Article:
So the Marines were ordered to stop their advance into the city and hold their positions. Even after the Marines halted, the insurgents continued to probe their lines, hoping to kill Americans and elicit another violent response. They continued to build roadblocks and prepare for the next round of fighting.
All the while, the Marines and the Iraqi Governing Council attempted to negotiate an end to the violence. By April 19, 2004, the U.S.-led coalition had reached an agreement with Fallujah’s community leaders. In an attempt to reestablish some sort of stability, the Marines agreed to patrol the city alongside Iraqi security forces. At first the city streets were calm, but violence erupted in less than twenty-four hours. Frustrated by the forced restraint, the Marines withdrew and turned over responsibility for security inside Fallujah to the newly-established “Fallujah Brigade.” This ended the first siege of Iraq’s “Wild West” stronghold.
The Fallujah Brigade had been armed and trained in the hope that its members could take back their own city. It remains debatable whether the Fallujah Brigade ever really intended to deal with the violent element within the city; its officer corps and ranks were heavily populated with former members of Saddam’s Republican Guard. Regardless of their intent, they never became an effective security force, and the Brigade disintegrated. Soon control of the city fell back into the hands of the insurgents.
While tragic, the Fallujah Brigade’s failure to maintain security was a necessary evolutionary step in the history of that war-torn city. The United States had attempted to back away and let the Iraqis bring peace and stability to their own city. The Fallujah Brigade’s failure emphasized the need for further American action and galvanized support for that action in the Iraqi national government.
But otherwise there could not have been a worse outcome to the first battle for Fallujah. The mightiest military in the world had seemingly been defeated by a ragtag band of criminal thugs; Al Qaeda proclaimed its victory over the infidel. The Marines had been unable to quickly penetrate the insurgents’ maze of roadblocks and IED-laced streets. They didn’t have the heavy assets they needed to punch through those fortifications without flattening the city with bombs and artillery.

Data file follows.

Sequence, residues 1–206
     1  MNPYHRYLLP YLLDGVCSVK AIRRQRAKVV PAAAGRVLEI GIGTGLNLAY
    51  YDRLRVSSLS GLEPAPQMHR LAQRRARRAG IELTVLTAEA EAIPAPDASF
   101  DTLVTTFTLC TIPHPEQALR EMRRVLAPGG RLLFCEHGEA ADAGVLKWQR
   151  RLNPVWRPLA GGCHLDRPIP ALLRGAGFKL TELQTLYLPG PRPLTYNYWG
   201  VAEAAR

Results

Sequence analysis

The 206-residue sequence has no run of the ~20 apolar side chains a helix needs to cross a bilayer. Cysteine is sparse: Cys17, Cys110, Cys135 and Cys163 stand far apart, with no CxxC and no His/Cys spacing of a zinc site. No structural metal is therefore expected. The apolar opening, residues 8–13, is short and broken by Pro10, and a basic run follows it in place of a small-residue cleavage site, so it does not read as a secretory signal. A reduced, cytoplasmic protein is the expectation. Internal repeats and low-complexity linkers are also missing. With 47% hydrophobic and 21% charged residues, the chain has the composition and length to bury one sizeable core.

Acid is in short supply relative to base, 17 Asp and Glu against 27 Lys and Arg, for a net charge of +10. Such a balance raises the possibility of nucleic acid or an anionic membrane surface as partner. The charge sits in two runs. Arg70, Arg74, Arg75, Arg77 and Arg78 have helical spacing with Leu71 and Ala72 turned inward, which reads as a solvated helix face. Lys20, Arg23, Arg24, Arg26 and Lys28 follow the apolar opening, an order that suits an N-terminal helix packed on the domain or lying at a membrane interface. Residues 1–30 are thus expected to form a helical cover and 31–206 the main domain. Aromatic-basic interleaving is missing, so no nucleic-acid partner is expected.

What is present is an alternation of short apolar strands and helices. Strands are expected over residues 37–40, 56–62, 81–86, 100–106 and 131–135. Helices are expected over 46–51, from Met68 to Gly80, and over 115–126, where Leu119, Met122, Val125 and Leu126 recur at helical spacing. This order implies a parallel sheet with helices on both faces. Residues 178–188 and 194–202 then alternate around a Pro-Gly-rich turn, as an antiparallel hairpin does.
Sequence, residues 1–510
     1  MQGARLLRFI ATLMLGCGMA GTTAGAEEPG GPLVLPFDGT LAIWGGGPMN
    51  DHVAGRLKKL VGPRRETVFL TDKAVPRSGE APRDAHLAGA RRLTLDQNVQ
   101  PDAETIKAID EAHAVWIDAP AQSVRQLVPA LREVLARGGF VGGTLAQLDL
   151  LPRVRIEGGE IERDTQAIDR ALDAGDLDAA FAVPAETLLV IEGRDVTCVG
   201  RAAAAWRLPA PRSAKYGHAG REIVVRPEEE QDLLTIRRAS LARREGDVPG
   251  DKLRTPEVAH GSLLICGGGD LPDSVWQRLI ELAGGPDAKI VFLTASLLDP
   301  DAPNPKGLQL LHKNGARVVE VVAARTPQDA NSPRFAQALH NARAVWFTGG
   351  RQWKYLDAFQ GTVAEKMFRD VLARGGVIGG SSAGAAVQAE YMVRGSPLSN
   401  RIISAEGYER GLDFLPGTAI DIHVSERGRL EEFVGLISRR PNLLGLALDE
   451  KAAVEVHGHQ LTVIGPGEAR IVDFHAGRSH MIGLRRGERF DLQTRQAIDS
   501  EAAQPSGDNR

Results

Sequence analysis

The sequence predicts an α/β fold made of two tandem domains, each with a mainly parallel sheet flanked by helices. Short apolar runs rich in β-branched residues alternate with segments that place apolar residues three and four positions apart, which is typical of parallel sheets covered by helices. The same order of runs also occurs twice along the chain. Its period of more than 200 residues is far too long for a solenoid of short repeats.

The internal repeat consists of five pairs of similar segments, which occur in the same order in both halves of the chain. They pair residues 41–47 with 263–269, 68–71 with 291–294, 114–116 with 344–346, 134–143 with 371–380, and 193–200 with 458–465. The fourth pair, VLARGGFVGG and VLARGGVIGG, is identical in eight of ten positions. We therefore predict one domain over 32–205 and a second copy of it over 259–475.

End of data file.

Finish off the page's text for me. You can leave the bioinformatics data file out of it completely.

Additionally, the Marines dashed their chances of winning the hearts and minds of the people; Al Qaeda won that battle, too. The insurgents used their victory in Fallujah to recruit fresh fighters from the local inhabitants and to attract jihadists from all over the world. The call went out: “Come to Fallujah, kill Americans, and defeat the Zionists.” The city was left isolated, with nearly 100% unemployment. All of Fallujah’s military-aged men had nothing better to do than fight the Americans who had brought chaos and destruction to their city.
By the end of April, the Marines had withdrawn to the edge of the city. General Mattis’ only hope was to contain the burgeoning insurgency within the city limits. Fallujah once again became a base of operations and a safe haven for the enemy, and an American no-man’s-land. General Mattis was continually restrained throughout the summer of 2004, as the Coalition leadership tried to get the Iraqis to help solve the problem. Given the opportunity, Mattis would have moved to clear Fallujah, but it was not meant to be. The job of defeating the enemy in Fallujah would fall to the 1st Marine Division’s next commanding general. Major General Richard F. Natonski, a longtime advocate of joint operations, assumed command in August of 2004, and planning was started for the largest joint operation of the war: Operation Phantom Fury.
The Marines had learned much since their arrival in March. They would not be turned back a second time.
Ask your local bookstore manager if they will be carrying New Dawn.
General Charles Krulak, the 31st Commandant of the Marine Corps from July 1, 1995 to June 30, 1999, defined the Marines’ mission as being able to fight a “three-block war.” This included simultaneous all-out combat operations on one block, clearing operations on the next block, and humanitarian operations on the third block.
Bing West, No True Glory.Read the full post and comments »